Submitted to: Journal of Texture Studies
Publication Type: Peer Reviewed Journal
Publication Acceptance Date: June 17, 1999
Publication Date: N/A
Interpretive Summary: Tenderness is the most important attribute of meat quality. Currently, tenderness is measured from cooked meat using the Warner-Bratzler (WB) shear tester, a standard device recommended by American Meat Science Association. This research was initiated to measure the fundamental shear properties of raw and cooked beef and to determine their relationship with WB tenderness measurement. We performed shear tests on four bovine muscles with three different aging treatments (0, 1, and 2 weeks). Results show that cooking resulted in significant changes in the shear properties of meat, and so did aging and muscle type. Meat tenderness was highly related to the shear properties (force, strain energy, etc.) of cooked meat with the R**2 being as high as 0.65. Lower or insignificant correlations were found between tenderness and shear properties of raw meat, which indicates the difficult to predict tenderness from raw meat. This research also found that WB testing was not effective in measuring tenderness for certain muscles. The findings of this research shall have some important implications in improving existing measurement methods and in developing an effective method to predict tenderness from raw meat.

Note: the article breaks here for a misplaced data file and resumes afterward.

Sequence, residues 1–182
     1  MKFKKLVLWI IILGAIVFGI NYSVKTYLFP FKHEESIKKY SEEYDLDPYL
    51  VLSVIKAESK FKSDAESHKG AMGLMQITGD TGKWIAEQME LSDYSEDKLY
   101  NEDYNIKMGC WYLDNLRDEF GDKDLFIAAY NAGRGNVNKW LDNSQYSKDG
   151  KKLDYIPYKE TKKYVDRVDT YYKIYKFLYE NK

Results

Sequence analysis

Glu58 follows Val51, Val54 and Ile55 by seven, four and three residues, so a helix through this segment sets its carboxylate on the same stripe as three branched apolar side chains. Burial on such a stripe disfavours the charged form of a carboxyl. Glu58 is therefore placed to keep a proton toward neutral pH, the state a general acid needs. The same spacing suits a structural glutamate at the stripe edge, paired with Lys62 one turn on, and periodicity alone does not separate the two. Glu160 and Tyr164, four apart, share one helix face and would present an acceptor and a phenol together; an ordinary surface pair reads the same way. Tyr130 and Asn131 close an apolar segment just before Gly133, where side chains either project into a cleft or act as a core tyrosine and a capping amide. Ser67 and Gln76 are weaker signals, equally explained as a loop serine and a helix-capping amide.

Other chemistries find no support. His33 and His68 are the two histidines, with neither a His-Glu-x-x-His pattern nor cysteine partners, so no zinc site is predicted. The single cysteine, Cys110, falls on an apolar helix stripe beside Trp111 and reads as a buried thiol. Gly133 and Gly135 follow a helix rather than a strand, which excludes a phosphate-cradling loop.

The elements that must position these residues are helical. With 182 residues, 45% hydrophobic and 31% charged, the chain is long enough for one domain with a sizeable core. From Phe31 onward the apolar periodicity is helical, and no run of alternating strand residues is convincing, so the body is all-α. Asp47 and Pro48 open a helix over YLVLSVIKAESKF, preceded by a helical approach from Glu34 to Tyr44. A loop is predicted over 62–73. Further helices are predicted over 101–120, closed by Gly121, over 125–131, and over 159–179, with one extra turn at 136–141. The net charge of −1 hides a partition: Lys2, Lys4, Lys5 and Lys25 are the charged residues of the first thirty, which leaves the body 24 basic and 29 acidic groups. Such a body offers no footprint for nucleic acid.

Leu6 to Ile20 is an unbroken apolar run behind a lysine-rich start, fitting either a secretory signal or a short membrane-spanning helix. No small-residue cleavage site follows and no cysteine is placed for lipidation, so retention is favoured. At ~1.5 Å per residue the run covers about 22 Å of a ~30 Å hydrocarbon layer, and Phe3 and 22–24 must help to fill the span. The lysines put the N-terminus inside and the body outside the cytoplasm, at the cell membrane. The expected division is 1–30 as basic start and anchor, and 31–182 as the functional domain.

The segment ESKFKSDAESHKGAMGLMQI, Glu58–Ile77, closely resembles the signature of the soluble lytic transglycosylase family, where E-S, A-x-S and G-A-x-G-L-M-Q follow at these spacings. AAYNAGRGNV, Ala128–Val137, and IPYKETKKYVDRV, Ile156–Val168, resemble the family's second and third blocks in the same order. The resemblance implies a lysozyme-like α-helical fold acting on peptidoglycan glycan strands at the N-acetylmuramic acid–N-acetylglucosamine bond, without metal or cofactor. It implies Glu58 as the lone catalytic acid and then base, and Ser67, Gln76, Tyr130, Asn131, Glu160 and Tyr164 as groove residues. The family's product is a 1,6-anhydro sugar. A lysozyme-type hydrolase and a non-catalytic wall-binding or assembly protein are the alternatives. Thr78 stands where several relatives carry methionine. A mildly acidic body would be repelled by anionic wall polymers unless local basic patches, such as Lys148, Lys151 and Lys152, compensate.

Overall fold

Knowledge of mechanical properties of beef is essential in developing an effective method to predict tenderness and understanding the factors affecting tenderness measurement. The objectives of this research were to evaluate the shear properties of raw and cooked beef and determine how they are related to Warner-Bratzler (WB) tenderness measurement. Shear tests were performed, using a specially designed device, on four muscles, i.e., biceps femoris (BF), longissimus dorsi (LD), semimembranosus (SM), and semitendinosus (ST), with three different aging treatments (0, 1, and 2 weeks). Results showed that raw beef exhibited a nonlinear behavior characterized by linearity at small deformations, stress yield at intermediate deformations, and work hardening at large deformations. Cooked beef had a different nonlinear behavior with the slope of the force-displacement curve increasing with displacement before the peak force. Cooking resulted in a significant, large increase (p=0.01) in maximum shear force and strain energy. The effect of muscle type and aging on shear properties was mostly significant (p=0.05), but with less pronouncement. The maximum shear force of cooked beef was correlated with WB measurement with the R**2 value ranging from 0.65 to 0.34 for LD, SM, and BF except for ST with a R**2 value of 0.10. Correlations of the shear properties of raw meat with WB measurement were low (R**2 was less than 0.36), indicating the difficulty to predict WB tenderness from the shear properties of raw meat.